In this talk, we will describe Proof by Logical Evaluation, a new method that enables automatic reasoning about user-defined functions, by showing how to mimic computation within SMT-logics. The key idea is to represent functions in a guarded form and repeatedly unfold function calls under enabled guards. We formalize a notion of an equational proof and show that PLE is complete, i.e. is guaranteed to find an equational proof if one exists. Furthermore, we show that PLE corresponds to a universal (or must) abstraction of the concrete semantics of the user-defined functions, and hence, terminates, yielding a precise and predictable means of automatically reasoning about user-defined functions.
Distributed computations are characterized by a partial order over events: two concurrent events at different processes may be re-ordered without changing the outcome of the computation. For systems that are composed of so-called communication-closed layers, this partial-order argument has been used to reduce the reasoning about distributed systems to a specific sequential form. I will discuss existing techniques for communication-closed layers, and applications to automated verification of state-of-the-art distributed systems.
Communication close round-based models are a particular type of synchronous models that simplify the verification of fault-tolerant distributed systems.
We present a sound method to check that an asynchronous protocol is communication close. The verification conditions implied by this method can be automatically discarded using of the self SMT-solvers or static analysers.
Provided that an asynchronous protocol is communication close we define a code-to-code translation into the Heard-Of computational model, which is a communication close round-based model.
Synchronous programs are easy to specify because the side effects of an operation are finished by the time the invocation of the operation returns to the caller. Asynchronous programs, on the other hand, are difficult to specify because there are side effects due to pending computation scheduled as a result of the invocation of an operation. They are also difficult to verify because of the large number of possible interleavings of concurrent asynchronous computation threads. We present synchronization, a new proof rule that simplifies the verification of asynchronous programs by introducing the fiction, for proof purposes, that asynchronous operations complete synchronously. Synchronization summarizes an asynchronous computation as immediate atomic effect. Modular verification is enabled via pending asynchronous calls (e.g., to callback procedures) in atomic summaries and a complementary proof rule that eliminates pending asynchronous calls when components and their specifications are composed. Our implementation in the context of a multi-layer refinement verification methodology showed promising utility on a collection of benchmark programs.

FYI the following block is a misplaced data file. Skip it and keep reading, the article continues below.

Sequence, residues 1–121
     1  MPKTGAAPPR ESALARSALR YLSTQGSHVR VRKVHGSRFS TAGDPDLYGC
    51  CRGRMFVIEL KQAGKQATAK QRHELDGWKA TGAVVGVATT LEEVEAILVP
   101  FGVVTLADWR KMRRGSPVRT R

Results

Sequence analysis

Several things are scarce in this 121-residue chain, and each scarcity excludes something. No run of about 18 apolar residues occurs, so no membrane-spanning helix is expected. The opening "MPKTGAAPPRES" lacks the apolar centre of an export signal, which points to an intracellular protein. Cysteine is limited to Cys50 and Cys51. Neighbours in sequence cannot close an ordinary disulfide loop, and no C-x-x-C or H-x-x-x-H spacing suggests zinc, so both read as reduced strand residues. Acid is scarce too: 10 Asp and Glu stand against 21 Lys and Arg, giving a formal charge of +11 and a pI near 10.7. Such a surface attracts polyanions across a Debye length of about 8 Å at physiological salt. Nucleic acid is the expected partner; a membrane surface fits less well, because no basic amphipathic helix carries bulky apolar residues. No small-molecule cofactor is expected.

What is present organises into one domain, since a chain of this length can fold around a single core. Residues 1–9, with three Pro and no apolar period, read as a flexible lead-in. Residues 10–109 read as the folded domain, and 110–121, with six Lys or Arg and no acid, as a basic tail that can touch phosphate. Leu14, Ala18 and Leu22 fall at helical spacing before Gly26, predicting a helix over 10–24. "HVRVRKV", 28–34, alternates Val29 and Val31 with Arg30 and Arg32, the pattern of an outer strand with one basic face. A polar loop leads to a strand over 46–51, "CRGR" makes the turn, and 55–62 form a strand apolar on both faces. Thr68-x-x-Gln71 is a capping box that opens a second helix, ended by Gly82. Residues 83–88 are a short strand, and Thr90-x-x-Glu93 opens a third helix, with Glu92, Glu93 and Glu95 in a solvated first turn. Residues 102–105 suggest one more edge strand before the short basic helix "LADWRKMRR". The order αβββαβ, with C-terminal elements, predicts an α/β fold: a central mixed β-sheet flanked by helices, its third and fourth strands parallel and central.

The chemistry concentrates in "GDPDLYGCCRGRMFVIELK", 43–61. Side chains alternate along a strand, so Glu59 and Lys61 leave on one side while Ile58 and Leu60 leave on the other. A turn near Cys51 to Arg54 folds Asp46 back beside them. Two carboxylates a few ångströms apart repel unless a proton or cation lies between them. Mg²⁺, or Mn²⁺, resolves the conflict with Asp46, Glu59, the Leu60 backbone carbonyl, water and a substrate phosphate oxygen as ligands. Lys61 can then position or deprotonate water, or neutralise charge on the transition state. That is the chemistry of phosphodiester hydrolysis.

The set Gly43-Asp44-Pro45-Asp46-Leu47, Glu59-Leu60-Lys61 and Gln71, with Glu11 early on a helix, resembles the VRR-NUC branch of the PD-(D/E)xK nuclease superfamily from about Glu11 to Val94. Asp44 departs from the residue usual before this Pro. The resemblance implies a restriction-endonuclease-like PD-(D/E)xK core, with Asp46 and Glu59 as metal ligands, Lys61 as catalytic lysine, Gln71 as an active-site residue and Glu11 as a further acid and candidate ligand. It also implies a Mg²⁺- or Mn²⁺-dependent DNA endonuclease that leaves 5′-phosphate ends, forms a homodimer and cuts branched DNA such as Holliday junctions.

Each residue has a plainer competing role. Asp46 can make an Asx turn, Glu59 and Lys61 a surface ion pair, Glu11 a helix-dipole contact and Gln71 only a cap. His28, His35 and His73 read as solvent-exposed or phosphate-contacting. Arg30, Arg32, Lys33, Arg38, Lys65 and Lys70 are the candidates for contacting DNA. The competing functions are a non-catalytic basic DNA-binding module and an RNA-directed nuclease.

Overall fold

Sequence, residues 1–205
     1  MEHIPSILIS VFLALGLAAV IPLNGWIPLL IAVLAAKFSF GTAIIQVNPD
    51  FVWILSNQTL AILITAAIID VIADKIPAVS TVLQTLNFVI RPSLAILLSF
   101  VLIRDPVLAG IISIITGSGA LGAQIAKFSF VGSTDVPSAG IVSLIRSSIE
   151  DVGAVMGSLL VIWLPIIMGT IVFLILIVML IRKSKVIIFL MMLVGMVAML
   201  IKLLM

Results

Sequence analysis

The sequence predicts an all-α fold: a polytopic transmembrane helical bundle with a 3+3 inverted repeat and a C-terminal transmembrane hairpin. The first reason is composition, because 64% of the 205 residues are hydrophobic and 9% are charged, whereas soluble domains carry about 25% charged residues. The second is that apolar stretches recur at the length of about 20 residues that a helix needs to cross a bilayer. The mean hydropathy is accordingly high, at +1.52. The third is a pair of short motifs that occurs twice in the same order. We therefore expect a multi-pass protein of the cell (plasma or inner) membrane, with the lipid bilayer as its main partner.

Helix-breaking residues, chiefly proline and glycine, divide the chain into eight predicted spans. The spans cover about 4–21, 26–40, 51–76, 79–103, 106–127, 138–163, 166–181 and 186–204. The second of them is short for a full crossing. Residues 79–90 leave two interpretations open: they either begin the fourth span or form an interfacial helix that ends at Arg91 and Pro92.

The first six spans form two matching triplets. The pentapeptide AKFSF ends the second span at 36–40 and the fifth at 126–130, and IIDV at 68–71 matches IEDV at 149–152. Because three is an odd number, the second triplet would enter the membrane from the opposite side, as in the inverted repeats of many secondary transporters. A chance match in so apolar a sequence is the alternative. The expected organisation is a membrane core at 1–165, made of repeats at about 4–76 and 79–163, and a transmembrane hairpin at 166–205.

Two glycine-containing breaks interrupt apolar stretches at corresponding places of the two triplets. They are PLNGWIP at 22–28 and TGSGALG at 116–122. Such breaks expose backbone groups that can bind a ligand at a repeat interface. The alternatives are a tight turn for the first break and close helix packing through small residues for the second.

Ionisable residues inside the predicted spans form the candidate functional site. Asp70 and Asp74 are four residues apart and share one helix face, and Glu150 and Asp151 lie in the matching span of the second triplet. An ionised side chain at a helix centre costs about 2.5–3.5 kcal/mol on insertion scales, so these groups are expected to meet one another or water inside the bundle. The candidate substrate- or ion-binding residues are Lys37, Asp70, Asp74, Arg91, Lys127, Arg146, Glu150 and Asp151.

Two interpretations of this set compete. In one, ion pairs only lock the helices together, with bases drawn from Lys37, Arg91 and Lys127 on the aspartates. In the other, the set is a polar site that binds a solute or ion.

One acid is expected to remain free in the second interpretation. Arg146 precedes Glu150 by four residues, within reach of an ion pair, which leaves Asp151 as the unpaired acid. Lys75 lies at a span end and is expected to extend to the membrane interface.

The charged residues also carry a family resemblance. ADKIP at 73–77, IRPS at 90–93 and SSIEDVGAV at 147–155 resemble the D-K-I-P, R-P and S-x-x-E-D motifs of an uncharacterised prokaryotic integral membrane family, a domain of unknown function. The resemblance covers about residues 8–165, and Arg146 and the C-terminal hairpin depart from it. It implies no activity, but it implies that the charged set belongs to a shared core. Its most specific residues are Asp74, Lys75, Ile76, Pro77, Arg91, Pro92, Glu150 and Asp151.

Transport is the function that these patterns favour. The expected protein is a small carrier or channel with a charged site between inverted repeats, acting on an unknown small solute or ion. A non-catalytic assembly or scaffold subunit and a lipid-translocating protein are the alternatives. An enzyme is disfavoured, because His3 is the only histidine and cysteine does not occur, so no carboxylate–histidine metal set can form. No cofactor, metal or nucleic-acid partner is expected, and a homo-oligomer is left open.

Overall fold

Concurrent systems are in general used by their clients under strong assumptions on their visible behaviors. This allows a modular design approach: at the level of the client, these assumptions allow to reason in an abstract way about the behaviors of the invoked systems. For instance, the users of a shared memory may assume that the implementation of the memory is sequentially consistent, which means that it behaves according to the standard interleaving model where write/read operations are considered to be atomic, and immediately visible to all parallel users. In an another context, the clients of web services may consider that their requests are handled atomically in a serial way, and the clients of a network may assume that their communications are synchronous, etc. However, implementations of concurrent systems tend to parallelize operations and to relax atomicity and synchrony in order to increase the throughput of the system. This leads in general to a weakening in the guarantees of these implementations w.r.t. strong consistency models/concurrency semantics. In this talk, we will address to issue of checking that a given program of the client is robust against this kind of relaxations, i.e., the observable behaviors of the client are the same under both strong and relaxed semantics. Robustness corresponds to a correctness criterion that ensures the preservation of all properties that can be proved assuming the strong semantics. We show that this property can be checked efficiently in several cases by linear reductions to state reachability problems. We consider in particular the cases of event-driven programs with asynchronous procedure calls, and message-passing programs communicating through fifo channels.